Referring now more specifically to the drawings, a preferred embodiment of a transportable building module according to the present invention is shown in FIGS. 1 to 4 and generally designated 10. Building module 10 has a load-bearing and unitized support frame of novel construction which utilizes a floor structure comprising side strength members 12A, 12B which are joined together at each end by end strength members 14A, 14B. For additional support, internal strength members 16A-16C are provided which extend transversely across the floor structure and are secured at each end thereof to side strength members 12A, 12B. The floor structure of module 10 supports a reinforced concrete slab 17 as seen in FIGS. 1 and 3 and described in more detail below.

Vertical columns 18A-18D are secured at each corner of the floor structure so as to provide four loading-bearing corner posts for the roof. The novel roof structure of the module of the invention comprises transverse beams 20A, 20B extending across the top of each end face of building module 10. Each of transverse beams 20A, 20B is secured to a respective pair of vertical columns at the opposing end faces of building module 10. Specifically, transverse beam 20A is secured to vertical columns 18A and 18B and transverse beam 20B is secured to vertical columns 18C and 18D. Extending in spaced-apart and parallel relationship between transverse beams 20A, 20B are fur open web trusses or bar joists 22A-22D. Bar joists 22A-22D are secured at each end thereof to transverse beams 20A, 20B and, most suitably, outside bar joists 22A, 22D are spaced-apart about 2 inches from vertical columns 18A, 18C and 18B, 18D, respectively. As can best be understood with reference to FIG. 2, bar joists 22A-22D are also secured to each other for better integrity by five pairs of bridging elements which extend transversely through all four bar joists 22A-22D and are secured along the length of bar joists 22A-22D in pairs wherein each pair is positioned at the upper and lower portion of a corresponding open space along the length of the bar joists (see bridging elements 23A, 23B in FIG. 2). The bridging elements are not shown in FIGS. 1, 3 and 4 for purposes of clarity of illustration of building module 10.

The novel roof structure described hereinabove is a high strength and low weight structure which makes possible the assembly of a clear span building module 10 having a length of about 12 to 60 feet which does not require any additional vertical support at the medial portion of the sides thereof. The width of such a module would typically be about 8 to 16 feet. In addition to not requiring additional vertical columns in the lengthwise direction to support the novel roof structure, its relatively low weight provides for ease of transportation from the assembly plant to the location site. A more conventional all steel clear span roof structure as used on other transportable building modules tends to be top heavy and presents many difficulties including a tendency for the building module to tip over during transportation around corners as well as providing greater stress to the module which can result in damage thereto during transportation.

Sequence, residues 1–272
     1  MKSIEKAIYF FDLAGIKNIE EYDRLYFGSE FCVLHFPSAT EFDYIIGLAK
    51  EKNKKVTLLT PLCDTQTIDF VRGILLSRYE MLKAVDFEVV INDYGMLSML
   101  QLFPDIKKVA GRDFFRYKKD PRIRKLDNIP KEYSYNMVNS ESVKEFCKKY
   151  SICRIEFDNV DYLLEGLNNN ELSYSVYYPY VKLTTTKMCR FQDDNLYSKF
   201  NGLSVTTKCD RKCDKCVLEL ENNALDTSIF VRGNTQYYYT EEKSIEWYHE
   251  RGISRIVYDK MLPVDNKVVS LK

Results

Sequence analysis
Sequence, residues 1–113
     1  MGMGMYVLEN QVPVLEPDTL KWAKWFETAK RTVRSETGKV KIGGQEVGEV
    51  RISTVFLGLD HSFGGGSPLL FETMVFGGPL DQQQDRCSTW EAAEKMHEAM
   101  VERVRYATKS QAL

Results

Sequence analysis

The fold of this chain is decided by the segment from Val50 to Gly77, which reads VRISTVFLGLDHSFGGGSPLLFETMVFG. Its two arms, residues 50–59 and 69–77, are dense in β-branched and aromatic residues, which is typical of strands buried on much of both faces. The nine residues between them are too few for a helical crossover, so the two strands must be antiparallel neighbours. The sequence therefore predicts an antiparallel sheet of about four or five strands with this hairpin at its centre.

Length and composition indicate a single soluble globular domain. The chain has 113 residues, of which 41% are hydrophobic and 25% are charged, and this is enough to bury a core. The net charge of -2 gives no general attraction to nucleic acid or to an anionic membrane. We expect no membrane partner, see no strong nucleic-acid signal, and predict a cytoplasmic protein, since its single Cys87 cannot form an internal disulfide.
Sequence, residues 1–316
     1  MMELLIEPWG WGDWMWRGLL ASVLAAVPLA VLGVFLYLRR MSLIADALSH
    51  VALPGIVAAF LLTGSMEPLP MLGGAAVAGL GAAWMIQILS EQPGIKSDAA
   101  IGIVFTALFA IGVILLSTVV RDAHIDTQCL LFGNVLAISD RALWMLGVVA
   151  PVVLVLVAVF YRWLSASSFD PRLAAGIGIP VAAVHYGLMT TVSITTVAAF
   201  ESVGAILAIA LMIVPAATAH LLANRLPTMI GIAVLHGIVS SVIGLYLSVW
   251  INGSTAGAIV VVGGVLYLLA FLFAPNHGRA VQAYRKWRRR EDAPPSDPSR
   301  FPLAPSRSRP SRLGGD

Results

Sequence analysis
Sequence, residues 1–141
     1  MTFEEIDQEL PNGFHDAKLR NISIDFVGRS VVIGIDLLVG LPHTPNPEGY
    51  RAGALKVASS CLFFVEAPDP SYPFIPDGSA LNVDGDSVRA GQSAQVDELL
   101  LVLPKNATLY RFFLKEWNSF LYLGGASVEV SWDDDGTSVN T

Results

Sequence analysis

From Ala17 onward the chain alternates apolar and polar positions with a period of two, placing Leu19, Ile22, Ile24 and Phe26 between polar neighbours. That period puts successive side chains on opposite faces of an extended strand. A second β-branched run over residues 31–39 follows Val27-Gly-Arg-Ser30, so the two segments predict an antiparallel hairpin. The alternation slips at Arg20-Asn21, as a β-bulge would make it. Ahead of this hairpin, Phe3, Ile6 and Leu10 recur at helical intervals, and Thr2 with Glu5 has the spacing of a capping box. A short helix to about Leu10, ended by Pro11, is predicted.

Applicant has found that the novel roof structure of the building module weighs only about one-half of what a conventional all steel roof structure of similar strength would weigh. Whereas applicant primarily utilizes bar joists for strength, the support frames of conventional unitized frame building modules typically utilize a C beam perimeter having a plurality of purlins extending transversely to the lengthwise direction of the roof structure. The difference in weight is surprisingly significant as can be appreciated with reference to Table 1 below. Table 1 represents the structural elements and weight thereof for a roof structure suitable for a 12 foot wide and 44 foot long clear span building module which is capable of supporting a live load of 40 pounds per square inch.

              TABLE 1______________________________________PRIOR ART ROOF STRUCTURE FORBUILDING MODULE10 C6  8.2 PURLINS2 W18  35 PURLINS2 C10  15.3 PURLINSTOTAL WEIGHT OF ROOF STRUCTURE 4,390 POUNDSAPPLICANT'S NOVEL LIGHTWEIGHT ROOFSTRUCTURE FOR BUILDING MODULE4 22H6 BAR JOISTS2 C10  15.3 PURLINS10 1  1  1/8 INCH BRIDGING ELEMENTSTOTAL WEIGHT OF ROOF STRUCTURE 2,170 POUNDS______________________________________

To summarize the advantages of applicant's roof structure, it should be appreciated that the bar joist roof system eliminates the need for horizontal purlins as well as a perimeter frame of purlins or beams and thus results in a substantial weight reduction while still maintaining necessary requirements for roof load support strength. Also, applicant's lightweight roof renders transportation of the building module much safer and easier as well as significantly reducing the dead weight of the entire transportable building module. Moreover, the bar joist system allows for greater ceiling height than conventional roof structures known to date in either a singular unit construction or multiple side-by-side building module configuration since the air conditioning and heating ducts, electrical conduits, and plumbing can be threaded through the open web trusses as opposed to conventional roof structures which require that the aforementioned elements be dropped below the large side strength members of the roof structure. Finally, it should also again be emphasized that a building module having a typical size of 12 feet in width and 44 feet in length would normally either require vertical post supports in the middle of the longitudinally extending side beams of the roof structure or the use of very heavy and expensive side beams capable of spanning the 44 foot length between vertical columns without requiring a central support member to prevent sagging.